Alcoa also offers a product in this category: a fixed V-groove splicer that can handle up to 12-fiber ribbon. It sells for $35,000 to $45,000.

Fixed V-groove splicers depend upon good-quality fiber for high-quality results. When a fixed V-groove splicer is used to estimate splice loss, it operates by ascertaining that the cladding of the fibers is aligned, not the core. Optical-fiber manufacturers have improved fiber quality in recent years, making more uniform the size and shape of the fiber as well as its position within the cladding. Thus, properly aligning the cladding of two fibers can now result in low-loss splices.

Core-alignment splicers are high-end products designed to optimize the alignment of the fiber before splicing to get the lowest possible loss. Core-alignment splicers remain the preferred product of contractors who must meet stringent contract specifications for splice loss. Cable-TV applications, for example, tend to specify low loss--0.05 decibel or less--which is why core-alignment splicers are popular in the cable-TV industry.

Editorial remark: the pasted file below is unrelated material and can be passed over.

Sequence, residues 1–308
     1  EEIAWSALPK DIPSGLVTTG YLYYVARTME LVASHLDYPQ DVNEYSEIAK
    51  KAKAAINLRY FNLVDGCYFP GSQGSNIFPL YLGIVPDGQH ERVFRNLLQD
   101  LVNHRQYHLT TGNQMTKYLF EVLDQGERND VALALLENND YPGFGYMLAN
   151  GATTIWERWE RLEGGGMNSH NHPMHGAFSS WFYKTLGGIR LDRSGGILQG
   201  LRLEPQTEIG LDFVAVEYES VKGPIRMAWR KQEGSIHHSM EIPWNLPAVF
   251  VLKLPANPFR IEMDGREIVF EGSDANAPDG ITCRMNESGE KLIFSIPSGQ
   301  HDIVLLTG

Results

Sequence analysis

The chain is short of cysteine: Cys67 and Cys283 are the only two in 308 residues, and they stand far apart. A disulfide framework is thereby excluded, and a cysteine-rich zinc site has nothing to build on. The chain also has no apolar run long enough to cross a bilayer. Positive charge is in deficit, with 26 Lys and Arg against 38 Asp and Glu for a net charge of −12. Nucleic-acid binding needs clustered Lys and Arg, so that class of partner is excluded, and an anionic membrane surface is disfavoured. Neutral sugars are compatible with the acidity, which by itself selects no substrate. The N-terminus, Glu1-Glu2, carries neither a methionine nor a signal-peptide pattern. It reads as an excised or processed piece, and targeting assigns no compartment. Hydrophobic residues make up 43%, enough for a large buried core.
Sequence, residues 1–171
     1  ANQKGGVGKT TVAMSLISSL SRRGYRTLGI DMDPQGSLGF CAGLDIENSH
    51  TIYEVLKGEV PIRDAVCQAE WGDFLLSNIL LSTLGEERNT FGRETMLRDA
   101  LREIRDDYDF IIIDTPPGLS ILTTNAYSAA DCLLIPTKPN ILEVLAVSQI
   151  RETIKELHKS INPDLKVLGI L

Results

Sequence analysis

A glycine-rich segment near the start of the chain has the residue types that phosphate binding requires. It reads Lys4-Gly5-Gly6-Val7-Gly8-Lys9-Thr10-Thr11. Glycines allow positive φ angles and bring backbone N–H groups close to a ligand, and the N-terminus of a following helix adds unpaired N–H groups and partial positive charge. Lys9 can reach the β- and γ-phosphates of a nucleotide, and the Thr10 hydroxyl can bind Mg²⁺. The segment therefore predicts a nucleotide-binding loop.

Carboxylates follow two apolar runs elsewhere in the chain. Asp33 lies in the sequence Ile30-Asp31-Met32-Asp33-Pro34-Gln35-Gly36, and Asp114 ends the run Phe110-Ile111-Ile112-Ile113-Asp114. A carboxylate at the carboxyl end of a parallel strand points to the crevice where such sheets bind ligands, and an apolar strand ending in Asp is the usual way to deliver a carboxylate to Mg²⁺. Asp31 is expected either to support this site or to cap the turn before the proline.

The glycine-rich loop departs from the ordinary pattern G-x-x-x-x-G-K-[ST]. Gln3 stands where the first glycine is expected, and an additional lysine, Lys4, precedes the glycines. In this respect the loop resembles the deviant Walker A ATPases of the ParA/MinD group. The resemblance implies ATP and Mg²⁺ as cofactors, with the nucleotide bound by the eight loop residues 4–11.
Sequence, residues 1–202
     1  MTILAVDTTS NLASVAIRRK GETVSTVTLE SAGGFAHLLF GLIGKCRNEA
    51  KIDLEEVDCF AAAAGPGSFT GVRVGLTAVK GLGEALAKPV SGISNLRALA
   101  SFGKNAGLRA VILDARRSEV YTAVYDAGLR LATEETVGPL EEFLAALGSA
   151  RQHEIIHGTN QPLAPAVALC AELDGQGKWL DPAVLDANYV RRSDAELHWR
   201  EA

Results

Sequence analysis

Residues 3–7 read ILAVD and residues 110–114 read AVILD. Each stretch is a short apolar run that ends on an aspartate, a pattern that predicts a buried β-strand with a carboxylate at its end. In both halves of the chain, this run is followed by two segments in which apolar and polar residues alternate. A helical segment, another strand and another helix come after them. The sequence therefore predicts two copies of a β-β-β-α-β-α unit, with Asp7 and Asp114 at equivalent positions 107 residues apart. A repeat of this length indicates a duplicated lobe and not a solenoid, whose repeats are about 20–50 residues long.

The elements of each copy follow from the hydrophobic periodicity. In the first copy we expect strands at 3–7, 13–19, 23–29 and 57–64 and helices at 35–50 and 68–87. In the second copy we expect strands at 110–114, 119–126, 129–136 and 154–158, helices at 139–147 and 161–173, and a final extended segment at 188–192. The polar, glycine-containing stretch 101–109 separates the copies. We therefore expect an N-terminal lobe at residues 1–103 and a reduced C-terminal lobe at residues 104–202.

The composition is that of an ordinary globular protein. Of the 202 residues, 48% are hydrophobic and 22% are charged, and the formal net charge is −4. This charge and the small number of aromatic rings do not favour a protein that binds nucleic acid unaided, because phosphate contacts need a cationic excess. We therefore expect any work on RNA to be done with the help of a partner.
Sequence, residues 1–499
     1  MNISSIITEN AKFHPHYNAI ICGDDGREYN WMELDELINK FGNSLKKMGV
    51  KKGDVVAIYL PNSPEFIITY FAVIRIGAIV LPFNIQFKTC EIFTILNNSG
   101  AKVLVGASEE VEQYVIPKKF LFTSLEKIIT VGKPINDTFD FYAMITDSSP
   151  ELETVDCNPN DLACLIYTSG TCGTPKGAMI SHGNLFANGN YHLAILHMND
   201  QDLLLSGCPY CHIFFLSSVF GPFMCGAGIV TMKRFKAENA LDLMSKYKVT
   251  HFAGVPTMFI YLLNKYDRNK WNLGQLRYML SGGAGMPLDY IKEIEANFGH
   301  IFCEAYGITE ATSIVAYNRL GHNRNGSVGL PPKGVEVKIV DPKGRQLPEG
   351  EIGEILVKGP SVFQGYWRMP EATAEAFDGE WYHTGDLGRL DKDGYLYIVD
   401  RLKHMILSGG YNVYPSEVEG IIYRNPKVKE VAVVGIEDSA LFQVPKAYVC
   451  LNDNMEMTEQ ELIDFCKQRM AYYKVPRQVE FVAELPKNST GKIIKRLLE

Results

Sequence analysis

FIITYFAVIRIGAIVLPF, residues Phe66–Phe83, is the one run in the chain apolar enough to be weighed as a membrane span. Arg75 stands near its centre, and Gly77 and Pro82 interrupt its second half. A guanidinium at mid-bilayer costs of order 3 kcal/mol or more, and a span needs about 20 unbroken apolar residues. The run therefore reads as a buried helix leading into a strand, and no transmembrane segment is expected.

LID systems and PAS products differ in their approaches to core alignment, but a high-quality product of either type will give equally good performance, says Alcoa`s Duke.

Siecor is introducing a second core-alignment splicer in the second quarter of 1996. (The vendor`s M90 model has been available since 1990.) The new model, the X77, is a next-generation device, not a replacement for the M90. It is smaller and more cost-effective to operate, according to Cline. "It`s for users who want the lowest splice loss possible," he says. The device weighs 6.6 pounds and is priced at about $23,000, compared to the older M90 model, which weighs 30 pounds and sells for $33,000. The smaller product is more portable and can be effectively used in constricted work areas.